20 common questions farmers are asking – GLAS Scheme

We outline some of the common questions farmers are asking about the GLAS Scheme – we also have a full list of the main dates for GLAS.

I got a text from the Department of Agriculture…what do I do with it? 

If your planner has submitted your interest in GLAS you should get a text message from the Department of Agriculture with a code, to which you need to reply – indicating whether you plan to go ahead and apply for the scheme or not.

You only have 24 hours upon receipt of the text to respond. So, if you miss the 24-hour window to respond, contact your planner and get them to re-submit your application so you get another text.

I meet all the requirements of Tier 1, will I definitely get into GLAS? 

There is no guarantee of admission to the GLAS Scheme regardless of what Tier you qualify for. The Department of Agriculture has indicated that about 25,000-30,000 farmers will be accommodated in the first tranche of the scheme, but it will be driven by demand.

The more popular the GLAS Scheme this year the more competition there will be for places.

I’m unsure whether to apply this year or wait and see and apply next year. Can I do this?

Yes. This year is just the first tranche of the scheme, it will be open again next year. If you are not sure you can wait until next year to apply and while there will probably be less places there should also be less competition for the places.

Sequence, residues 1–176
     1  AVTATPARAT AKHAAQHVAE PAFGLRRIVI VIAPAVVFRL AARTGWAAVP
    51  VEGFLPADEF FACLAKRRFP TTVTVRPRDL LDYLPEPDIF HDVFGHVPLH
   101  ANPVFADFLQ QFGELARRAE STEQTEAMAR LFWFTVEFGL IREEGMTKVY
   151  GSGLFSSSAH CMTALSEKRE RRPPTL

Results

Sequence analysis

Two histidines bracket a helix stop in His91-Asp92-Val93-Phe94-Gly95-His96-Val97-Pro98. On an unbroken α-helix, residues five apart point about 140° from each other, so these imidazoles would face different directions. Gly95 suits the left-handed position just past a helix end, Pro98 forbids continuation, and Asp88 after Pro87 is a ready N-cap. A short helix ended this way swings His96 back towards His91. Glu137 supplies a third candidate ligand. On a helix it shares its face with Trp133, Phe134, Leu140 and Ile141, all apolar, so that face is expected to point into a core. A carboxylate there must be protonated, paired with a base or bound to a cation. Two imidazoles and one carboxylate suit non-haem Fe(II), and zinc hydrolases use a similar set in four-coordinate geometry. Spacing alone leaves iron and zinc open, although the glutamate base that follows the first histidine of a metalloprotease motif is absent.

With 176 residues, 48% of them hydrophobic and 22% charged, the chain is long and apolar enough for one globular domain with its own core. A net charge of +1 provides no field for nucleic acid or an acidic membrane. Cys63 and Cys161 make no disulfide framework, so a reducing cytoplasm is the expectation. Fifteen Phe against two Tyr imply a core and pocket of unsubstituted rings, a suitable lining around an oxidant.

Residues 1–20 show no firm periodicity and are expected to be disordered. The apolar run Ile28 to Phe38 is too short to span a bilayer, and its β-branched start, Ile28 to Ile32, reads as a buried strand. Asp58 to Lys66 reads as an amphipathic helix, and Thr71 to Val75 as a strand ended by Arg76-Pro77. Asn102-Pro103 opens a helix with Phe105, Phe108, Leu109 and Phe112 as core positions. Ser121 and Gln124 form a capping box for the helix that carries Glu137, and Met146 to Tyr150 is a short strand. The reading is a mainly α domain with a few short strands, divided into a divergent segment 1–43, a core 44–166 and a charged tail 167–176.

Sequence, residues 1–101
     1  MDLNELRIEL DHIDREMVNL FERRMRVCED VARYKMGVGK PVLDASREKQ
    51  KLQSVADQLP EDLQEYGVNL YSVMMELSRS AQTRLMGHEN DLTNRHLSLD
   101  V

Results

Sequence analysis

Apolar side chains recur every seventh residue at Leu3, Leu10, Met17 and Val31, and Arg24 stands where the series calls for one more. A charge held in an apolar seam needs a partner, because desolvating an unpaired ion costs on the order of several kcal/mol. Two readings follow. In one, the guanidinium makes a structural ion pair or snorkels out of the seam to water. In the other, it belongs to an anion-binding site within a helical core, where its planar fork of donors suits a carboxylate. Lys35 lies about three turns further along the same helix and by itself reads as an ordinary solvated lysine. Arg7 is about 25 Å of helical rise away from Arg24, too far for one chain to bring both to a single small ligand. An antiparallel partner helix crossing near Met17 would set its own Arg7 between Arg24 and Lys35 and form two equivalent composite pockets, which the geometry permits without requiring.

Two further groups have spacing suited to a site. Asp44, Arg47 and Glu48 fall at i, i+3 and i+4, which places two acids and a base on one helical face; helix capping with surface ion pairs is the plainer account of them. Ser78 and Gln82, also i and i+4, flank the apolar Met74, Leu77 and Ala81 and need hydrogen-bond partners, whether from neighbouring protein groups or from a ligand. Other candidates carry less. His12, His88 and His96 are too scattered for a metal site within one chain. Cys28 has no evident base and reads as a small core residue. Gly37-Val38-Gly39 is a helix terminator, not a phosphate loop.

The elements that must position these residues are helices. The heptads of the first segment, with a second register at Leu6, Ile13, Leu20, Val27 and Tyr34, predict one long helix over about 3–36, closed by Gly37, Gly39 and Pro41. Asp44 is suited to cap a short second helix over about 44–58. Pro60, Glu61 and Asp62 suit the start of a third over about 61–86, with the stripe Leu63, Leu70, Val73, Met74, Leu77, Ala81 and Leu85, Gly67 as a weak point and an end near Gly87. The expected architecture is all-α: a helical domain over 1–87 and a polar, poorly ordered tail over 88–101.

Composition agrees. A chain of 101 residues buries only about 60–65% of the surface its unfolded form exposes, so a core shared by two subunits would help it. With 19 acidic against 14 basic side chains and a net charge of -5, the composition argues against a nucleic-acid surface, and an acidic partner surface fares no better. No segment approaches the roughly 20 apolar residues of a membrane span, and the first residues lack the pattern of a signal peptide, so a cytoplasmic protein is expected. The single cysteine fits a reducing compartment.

When will I hear if my GLAS plan has been accepted?

Farmers will start to hear whether their plan has been accepted in the autumn, probably in September.

Do I have to pay for my GLAS plan even if I don’t get accepted into the scheme? 

You have to pay for the plan before it’s submitted, to the planner, and they submit it on your behalf. It’s not a no foal no fee basis!

If you are told in October/November that you are not in you can leave the plan in situ for next year.

Do I have to get a nutrient management plan? 

Yes. GLAS is an environmental scheme that is designed to improve water quality and biodiversity, so measuring the soil for different nutrients is necessary.

Can I change my options after I have submitted my GLAS plan? 

No, there is no flexibility for change with your options – you are tied in for a five-year period. The only way to change your plan is to withdraw the plan from the scheme completely.

Teagasc advice is to be very clear when entering the scheme of the options you are choosing – that it is a five-year scheme and you need to be able to fulfil the options you choose.

What if I am renting land? Can I still apply for GLAS ? 

Because it is a five-year scheme, it is necessary that if you are renting land you have a lease that extends to 2020, so you need a six year lease from when you’re submitting your plan.

When do I start the actions or work I have agreed to do? 

None of the actions have to be done in 2015. It’s for 2016 on, so most of the work will have to start in 2016.

When do I get paid? 

Indications from the Department of Agriculture are that a percentage of the payment may happen in 2015.

I farm some commonage – does that qualify me for GLAS automatically? 

While commonage does qualify for priority access to GLAS, not all commonage is the same. The Curragh of Kildare is the big commonage exception as it’s not privately owned commonage.

What’s a catch crop?

The primary aim for catch crops is for soil protection during fallow periods over the winter period. There is a reduction in soil erosion during heavy rainfall periods from reduced surface run-off and increased water infiltration.

Catch crops only apply to arable farmers. Crops must be sowed by September 15 and there must be a minimum of 10ha planted.